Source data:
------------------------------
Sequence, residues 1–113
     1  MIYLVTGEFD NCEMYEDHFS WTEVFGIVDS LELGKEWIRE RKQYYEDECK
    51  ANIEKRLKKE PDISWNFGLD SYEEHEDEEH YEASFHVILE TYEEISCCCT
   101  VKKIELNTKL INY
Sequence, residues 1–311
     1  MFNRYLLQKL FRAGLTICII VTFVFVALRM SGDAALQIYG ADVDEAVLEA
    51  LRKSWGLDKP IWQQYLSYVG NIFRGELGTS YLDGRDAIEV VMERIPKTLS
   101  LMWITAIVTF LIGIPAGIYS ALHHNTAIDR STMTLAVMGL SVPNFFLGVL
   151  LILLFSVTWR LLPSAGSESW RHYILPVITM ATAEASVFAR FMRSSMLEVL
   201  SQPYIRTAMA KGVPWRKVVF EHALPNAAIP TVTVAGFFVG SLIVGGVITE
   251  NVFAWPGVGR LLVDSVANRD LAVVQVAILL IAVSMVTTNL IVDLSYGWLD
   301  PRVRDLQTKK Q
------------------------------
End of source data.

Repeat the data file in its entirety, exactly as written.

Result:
Sequence, residues 1–113
     1  MIYLVTGEFD NCEMYEDHFS WTEVFGIVDS LELGKEWIRE RKQYYEDECK
    51  ANIEKRLKKE PDISWNFGLD SYEEHEDEEH YEASFHVILE TYEEISCCCT
   101  VKKIELNTKL INY
Sequence, residues 1–311
     1  MFNRYLLQKL FRAGLTICII VTFVFVALRM SGDAALQIYG ADVDEAVLEA
    51  LRKSWGLDKP IWQQYLSYVG NIFRGELGTS YLDGRDAIEV VMERIPKTLS
   101  LMWITAIVTF LIGIPAGIYS ALHHNTAIDR STMTLAVMGL SVPNFFLGVL
   151  LILLFSVTWR LLPSAGSESW RHYILPVITM ATAEASVFAR FMRSSMLEVL
   201  SQPYIRTAMA KGVPWRKVVF EHALPNAAIP TVTVAGFFVG SLIVGGVITE
   251  NVFAWPGVGR LLVDSVANRD LAVVQVAILL IAVSMVTTNL IVDLSYGWLD
   301  PRVRDLQTKK Q